During the next 135 lug 138, the plate 61 is moved upwardly by a distance of one and one-half times its initial downward movement. During the first increment of movement upwardly of plate 61, the ejector fingers 86 and the ram 33 are urged by springs 82 toward each other to clamp or lock the installed cassette 20 to the rack and ejector assembly 31. Further upward movement of plate 61 urges the clamped cassette 20 out of the cradle 16 and upwardly passing between the forwardmost cassette 20 in magazine 32 and arresting plate 105.
Further upward movement of plate 61 raises the lower edge 89 of ram 33 and ejectors 80 above the level of the forwardmost cassettes 20 in magazine 32. Thus, coiled springs 112 urge the cassettes forwardly so that the front cassette 20 pushes the clamped cassette 20 from its clamped position onto chute 107. This releases the ram 33 which engages the back edge of the cassette 20 from the magazine 32 which is now in registry with the empty pocket 19 of cradle 16.
During the next 90 movement, plate 61, with the ram 33 extended, moves downwardly, yieldably forcing the new cassette 20 into packet 19.
Thereafter during the next 45 plate 61 and ram 33 are moved upwardly and are returned to their original position. At the last portion of this increment in the cycle, lug 138 engages switch LS 1 to stop motor M and pulse the solenoid S 1 to move roller 166 across cradle 16 to close the cradle 16.
The upward movement of plate 61 is caused by the engagement of gear 136 with gear 142 over a 135 of plate 61 is caused by the engagement of gear (not shown) on disc 134 with gear 154 over 90 caused by the engagement of gear 136a with gear 142.
FIG. 1 is an exploded perspective view of a combination cassette changer and recording machine constructed in accordance with the present invention;
FIG. 2 is a fragmentary perspective view of the combination changer and recording machine shown in FIG. 1;
FIG. 3 is a fragmentary perspective view of the gear train of the cassette changer shown in FIG. 1.
FIG. 4 is a schematic cycle diagram depicting a single cycle of the machine.
FIG. 5 is a vertical sectional view of a portion of the machine in FIG. 1, and
FIG. 6 is a wiring diagram of the electrical circuit of the machine of FIG. 1.
1. Field of the Invention
This invention relates to a cassette changer and is more particularly concerned with a combination cassette changer and recording machine in which the changer will feed successive cassettes to a recording machine while discharging the previously inserted cassette in response to signals. The assembly is particularly useful as a remote control dictating machine which may be actuated from one or a plurality of remote control switches.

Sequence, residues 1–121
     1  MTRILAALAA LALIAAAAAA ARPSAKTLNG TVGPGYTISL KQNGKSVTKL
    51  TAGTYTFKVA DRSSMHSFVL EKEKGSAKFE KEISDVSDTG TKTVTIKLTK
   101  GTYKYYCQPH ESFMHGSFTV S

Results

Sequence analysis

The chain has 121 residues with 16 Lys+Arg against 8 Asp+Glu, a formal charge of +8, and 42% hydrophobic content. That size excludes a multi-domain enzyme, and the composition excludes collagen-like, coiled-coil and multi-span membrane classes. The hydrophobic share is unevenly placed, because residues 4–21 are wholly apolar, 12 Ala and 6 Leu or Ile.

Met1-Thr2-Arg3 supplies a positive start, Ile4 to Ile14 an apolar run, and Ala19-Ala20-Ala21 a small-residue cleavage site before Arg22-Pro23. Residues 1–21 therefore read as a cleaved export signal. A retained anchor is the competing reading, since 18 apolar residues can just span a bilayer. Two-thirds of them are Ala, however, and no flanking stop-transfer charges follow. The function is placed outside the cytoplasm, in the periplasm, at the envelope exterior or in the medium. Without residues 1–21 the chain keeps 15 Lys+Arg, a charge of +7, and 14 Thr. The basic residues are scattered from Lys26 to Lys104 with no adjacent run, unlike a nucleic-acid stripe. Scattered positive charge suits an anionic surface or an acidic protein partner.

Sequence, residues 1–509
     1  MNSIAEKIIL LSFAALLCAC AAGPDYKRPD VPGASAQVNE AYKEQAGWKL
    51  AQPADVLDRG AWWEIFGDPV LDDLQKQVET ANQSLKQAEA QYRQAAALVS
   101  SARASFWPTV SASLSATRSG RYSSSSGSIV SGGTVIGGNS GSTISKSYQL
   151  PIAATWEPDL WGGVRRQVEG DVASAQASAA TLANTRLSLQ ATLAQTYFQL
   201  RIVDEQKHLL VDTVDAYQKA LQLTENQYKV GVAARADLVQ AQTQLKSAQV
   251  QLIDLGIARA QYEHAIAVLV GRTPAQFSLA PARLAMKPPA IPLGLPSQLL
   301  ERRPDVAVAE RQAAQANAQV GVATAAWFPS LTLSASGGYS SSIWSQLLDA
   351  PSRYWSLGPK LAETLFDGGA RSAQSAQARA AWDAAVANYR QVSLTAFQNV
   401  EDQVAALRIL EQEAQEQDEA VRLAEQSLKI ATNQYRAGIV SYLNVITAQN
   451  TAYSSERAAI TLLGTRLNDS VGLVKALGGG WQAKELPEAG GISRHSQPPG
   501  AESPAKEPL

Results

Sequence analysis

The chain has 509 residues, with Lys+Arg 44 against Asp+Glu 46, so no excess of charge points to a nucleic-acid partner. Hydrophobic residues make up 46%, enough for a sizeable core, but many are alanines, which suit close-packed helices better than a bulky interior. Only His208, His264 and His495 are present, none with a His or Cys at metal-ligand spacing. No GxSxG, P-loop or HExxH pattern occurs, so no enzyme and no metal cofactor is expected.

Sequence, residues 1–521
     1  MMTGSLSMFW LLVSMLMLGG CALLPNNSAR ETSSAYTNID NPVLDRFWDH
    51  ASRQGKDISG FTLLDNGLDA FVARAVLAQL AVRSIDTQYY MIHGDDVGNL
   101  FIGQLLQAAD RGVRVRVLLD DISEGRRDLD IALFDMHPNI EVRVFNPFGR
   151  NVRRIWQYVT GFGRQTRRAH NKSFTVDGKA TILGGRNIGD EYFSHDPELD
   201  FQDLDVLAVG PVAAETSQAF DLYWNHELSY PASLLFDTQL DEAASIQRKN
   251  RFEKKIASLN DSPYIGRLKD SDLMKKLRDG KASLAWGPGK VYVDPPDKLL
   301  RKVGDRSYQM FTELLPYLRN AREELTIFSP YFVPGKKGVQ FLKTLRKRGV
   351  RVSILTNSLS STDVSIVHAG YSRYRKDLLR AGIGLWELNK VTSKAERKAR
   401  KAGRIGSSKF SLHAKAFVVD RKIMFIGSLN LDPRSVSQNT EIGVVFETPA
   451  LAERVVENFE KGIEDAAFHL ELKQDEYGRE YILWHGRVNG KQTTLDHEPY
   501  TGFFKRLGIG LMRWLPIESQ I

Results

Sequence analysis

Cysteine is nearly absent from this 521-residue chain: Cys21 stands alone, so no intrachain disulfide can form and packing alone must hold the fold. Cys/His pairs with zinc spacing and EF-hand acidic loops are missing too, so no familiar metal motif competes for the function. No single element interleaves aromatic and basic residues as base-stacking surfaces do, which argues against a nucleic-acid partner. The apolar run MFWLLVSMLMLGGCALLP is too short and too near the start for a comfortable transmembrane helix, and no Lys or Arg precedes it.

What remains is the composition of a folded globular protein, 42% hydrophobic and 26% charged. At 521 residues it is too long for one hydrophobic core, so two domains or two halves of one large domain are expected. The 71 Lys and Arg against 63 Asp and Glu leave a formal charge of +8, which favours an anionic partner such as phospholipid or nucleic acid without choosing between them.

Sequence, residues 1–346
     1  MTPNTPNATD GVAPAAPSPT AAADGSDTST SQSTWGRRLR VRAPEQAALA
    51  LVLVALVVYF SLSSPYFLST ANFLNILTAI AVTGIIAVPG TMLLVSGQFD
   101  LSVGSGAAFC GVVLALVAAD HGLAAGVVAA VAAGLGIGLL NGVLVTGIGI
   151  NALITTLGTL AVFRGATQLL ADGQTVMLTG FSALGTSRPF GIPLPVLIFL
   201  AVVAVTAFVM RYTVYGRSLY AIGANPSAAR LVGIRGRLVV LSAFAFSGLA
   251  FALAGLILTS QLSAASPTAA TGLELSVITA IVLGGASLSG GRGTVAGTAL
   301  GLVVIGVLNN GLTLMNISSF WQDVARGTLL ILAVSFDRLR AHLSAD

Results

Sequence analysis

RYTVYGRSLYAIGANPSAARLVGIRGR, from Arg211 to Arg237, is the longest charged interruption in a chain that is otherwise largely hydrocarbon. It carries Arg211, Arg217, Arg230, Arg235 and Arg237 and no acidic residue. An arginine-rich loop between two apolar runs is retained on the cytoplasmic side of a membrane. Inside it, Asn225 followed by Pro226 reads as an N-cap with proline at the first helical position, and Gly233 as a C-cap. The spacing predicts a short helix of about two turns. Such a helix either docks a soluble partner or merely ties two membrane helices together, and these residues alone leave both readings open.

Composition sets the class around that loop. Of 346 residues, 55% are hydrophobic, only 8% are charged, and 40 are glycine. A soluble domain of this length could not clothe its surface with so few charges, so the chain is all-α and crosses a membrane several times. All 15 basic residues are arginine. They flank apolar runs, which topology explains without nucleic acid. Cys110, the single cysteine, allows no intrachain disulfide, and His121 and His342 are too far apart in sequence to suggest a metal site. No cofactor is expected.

2. Description of the Prior Art
In the past, recording machines, using enclosed reels of magnetic tape known as cassettes, have been used, extensively. Usually, the cassette is manually inserted and removed from the cassette receiving cavity or pocket.
Some attempts have been made to make machines which will substitute one tape recording medium for the next. Such machines usually are complicated and expensive. To the best of our knowledge, none are capable of substituting one cassette for the next in a machine of the type having a pivoted cradle which receives the cassette in a pocket.
The Applicants are aware of the following U.S. Pat. Nos. relating to such prior art machines, 3,620,385, 3,677,555, 3,650,413, 3,690,587, 3,656,705.
Briefly described the present invention includes a conventional cassette recording machine which has a cradle for receiving the cassette. The cradle has a cassette receiving cavity or pocket and is pivotally mounted for pivoting about a transverse axis from an open cassette receiving position to a closed cassette utilization position. The cradle is spring loaded to an open position and is retained in a closed condition by a detent actuated to release the cradle upon depression of a push button.
The cassette changer is mounted on top of the recording machine and includes a ram extractor assembly, the ram of which is in registry with the cradle, when it is in its open position. The ram extractor assembly is reciprocated toward and away from the cassette which is carried by the pocket and in its most extended or downward position engages the cassette to withdraw it as the ram extractor assembly is retracted.
A magazine, disposed along side the ram, carries a plurality of juxtaposed cassettes spring urged toward the ram. In its most retracted position, the forwardmost cassette is inserted beneath the ram soon after the extracted cassette is released.
The changer also has a cradle control comprising a release button actuator for causing the releasing of the cradle from its closed position and a cradle closer for returning the cradle from an open position to a closed position.